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    • May 16, 2019

    Like California, New Zealand’s biodiversity continues to decline. New Zealand’s unique flora and fauna has been severely impacted by introduced mammalian predators and modified landscapes. Utilizing behavioral science research, New Zealand’s Department of Conservation is focusing on the role people can play in mitigating the decline. Case studies will include human-animal conflict, domestic cats and dogs, forest visitors spreading pathogens, and activating urban residents.

    Science Institute logoDate: Tuesday, May 21, 1-3 p.m.
    Location: Room 1131, 1416 9th Street, Sacramento CA
    link opens in new windowRegister to view in-person or online.

    Questions? Contact:

    Categories: Education and Awareness
    • May 14, 2019

    Collage of Rancho Seco pond, tadpole shrimp, purple Downingia flowers, California tiger salamander, and garter snake
    Photo credit: Abigail Cramer, Rachel Powell, and Annie Chang

    A couple of CNDDB staff recently volunteered to accompany permitted biologists from Area West Environmental to survey for California tiger salamanders at the SMUD Nature Preserve Mitigation Bank at Rancho Seco. Yearly monitoring visits to a mitigation site are vital to evaluating the success of restoration efforts, and often required by USFWS when approving a mitigation plan for threatened or endangered species.

    The mitigation bank consists of both natural and man-made vernal pools which provide habitat for many native plants and animals, including the federally listed California tiger salamander. The California tiger salamander spends most of its life underground, only emerging after winter rains to breed and lay eggs in seasonal pools. When the SMUD mitigation bank first restored pools, California tiger salamanders were only found in pools near the margins of the restoration area, but today they can be found throughout the site.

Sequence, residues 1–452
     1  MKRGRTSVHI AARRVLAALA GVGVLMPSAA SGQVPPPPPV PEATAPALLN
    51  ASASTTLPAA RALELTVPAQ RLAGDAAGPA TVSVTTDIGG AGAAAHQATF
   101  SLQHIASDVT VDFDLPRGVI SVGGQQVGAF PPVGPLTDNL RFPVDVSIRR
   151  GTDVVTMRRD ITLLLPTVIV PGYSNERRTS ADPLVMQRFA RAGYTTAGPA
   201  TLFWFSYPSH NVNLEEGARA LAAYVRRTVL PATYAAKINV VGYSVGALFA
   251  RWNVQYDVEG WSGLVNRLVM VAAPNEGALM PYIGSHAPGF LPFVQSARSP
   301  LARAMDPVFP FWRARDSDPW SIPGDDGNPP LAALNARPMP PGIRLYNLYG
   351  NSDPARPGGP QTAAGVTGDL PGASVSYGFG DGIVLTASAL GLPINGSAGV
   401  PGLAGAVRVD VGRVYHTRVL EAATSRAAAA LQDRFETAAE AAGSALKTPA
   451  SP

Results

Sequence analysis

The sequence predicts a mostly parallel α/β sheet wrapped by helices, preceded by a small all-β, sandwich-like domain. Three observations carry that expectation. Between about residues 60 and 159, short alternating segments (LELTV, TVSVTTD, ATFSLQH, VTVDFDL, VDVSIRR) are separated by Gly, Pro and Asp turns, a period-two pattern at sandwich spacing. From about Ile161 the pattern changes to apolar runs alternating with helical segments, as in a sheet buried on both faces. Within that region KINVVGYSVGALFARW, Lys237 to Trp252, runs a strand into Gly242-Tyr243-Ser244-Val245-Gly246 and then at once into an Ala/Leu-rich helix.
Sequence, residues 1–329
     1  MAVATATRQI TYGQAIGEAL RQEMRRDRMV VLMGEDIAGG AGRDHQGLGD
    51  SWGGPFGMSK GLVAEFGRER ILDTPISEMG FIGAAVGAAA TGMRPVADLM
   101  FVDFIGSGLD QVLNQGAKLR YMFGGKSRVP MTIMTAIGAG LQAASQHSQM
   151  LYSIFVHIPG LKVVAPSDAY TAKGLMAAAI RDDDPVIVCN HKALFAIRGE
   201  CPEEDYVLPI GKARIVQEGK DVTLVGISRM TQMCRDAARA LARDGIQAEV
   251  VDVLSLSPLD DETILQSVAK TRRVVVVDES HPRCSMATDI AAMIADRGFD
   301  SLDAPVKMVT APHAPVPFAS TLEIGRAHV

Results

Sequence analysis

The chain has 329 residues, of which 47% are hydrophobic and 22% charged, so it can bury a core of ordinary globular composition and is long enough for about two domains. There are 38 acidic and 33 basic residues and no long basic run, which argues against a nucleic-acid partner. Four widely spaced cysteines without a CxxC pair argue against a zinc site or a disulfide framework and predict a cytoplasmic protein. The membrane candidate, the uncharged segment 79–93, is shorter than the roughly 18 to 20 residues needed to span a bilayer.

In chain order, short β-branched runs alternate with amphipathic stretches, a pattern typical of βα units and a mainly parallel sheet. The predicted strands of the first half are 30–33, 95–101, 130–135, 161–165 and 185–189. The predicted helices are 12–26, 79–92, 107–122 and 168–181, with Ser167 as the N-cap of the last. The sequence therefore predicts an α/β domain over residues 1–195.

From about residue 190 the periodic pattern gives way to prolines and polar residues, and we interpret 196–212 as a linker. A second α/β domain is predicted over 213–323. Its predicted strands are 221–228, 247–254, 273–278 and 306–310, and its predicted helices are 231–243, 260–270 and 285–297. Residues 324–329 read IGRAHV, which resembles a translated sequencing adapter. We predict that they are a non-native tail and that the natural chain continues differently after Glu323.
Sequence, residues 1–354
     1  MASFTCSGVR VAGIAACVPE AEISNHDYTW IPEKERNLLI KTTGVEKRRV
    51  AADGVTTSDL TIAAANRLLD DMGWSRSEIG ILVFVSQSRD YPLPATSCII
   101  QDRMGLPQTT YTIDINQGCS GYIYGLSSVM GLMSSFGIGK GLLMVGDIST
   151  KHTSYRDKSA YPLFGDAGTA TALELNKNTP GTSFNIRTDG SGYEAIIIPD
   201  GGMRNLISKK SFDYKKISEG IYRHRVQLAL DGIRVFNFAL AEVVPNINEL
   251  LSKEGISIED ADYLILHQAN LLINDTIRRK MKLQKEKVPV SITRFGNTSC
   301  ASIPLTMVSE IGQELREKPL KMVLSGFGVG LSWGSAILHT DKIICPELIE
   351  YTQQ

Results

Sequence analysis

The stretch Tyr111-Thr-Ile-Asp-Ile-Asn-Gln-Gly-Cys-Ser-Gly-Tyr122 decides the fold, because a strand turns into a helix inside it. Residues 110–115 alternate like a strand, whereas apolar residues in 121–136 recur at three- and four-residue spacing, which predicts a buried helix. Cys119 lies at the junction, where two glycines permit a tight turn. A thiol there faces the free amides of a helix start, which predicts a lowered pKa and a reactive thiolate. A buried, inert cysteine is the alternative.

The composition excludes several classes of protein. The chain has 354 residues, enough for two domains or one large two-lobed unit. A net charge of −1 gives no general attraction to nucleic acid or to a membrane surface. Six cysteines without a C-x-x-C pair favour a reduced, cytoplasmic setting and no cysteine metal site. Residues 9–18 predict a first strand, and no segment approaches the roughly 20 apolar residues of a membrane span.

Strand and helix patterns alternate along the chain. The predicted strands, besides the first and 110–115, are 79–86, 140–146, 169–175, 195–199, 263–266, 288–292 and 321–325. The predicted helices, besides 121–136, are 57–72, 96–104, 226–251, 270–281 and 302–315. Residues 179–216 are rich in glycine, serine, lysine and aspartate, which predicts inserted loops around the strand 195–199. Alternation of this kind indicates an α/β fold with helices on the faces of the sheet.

We visited constructed vernal pools on the property to check for presence of salamander larvae and record measures of habitat quality. Not only did we find California tiger salamanders, we also observed vernal pool tadpole shrimp (federally listed as Endangered), western spadefoot (California Species of Special Concern), western toad, clam shrimp, garter snake, and chorus frog.

    Thank you to Becky, Area West, and SMUD for the amazing opportunity to gain hands-on experience, and for submitting data to the CNDDB!

    While much of the mitigation bank is closed to the public, the 7-mile link opens in new windowHoward Ranch Trail traverses portions of the SMUD Nature Preserve, showcasing beautiful natural vernal pools and oak woodlands.

    Categories: General
    • May 9, 2019

    Number of Element Occurrences in Current Distribution: 93,015
    Number of New Element Occurrences Added Since Last Distribution: 208
    Number of Element Occurrences Updated Since Last Distribution: 315
    Number of Source Documents Added: 1,509

    What we've been working on:


    • Allium jepsonii (Jepson’s onion)
    • Allium tuolumnense (Rawhide Hill onion)
    • Arctostaphylos myrtifolia (Ione manzanita)
    • Astragalus claranus (Clara Hunt’s milk-vetch)
    • Ceanothus foliosus var. viejasensis (Viejas Mountain ceanothus)
    • Chorizanthe howellii (Howell's spineflower)
    • Collomia rawsoniana (Rawson’s flaming trumpet)
    • Crocanthemum greenei (island rush-rose)
    • Epilobium nivium (Snow Mountain willowherb)
    • Fritillaria pluriflora (adobe-lily)
    • Grusonia pulchella (beautiful cholla)
    • Heterotheca sessiliflora ssp. sessiliflora (beach goldenaster)
    • Ivesia campestris (field ivesia)
    • Orcuttia tenuis (slender Orcutt grass)
    • Trifolium buckwestiorum (Santa Cruz clover)
    • Verbena californica (Red Hills vervain)


    • Entosphenus lethophagus (Pit-Klamath brook lamprey)
    • Euphydryas editha quino (quino checkerspot butterfly)
    • Oncorhynchus mykiss gilberti (Kern River rainbow trout)
    • Rana boylii (foothill yellow-legged frog)
    • Rana cascadae (Cascades frog)
    • Spea hammondii (western spadefoot)

    Categories: Monthly Updates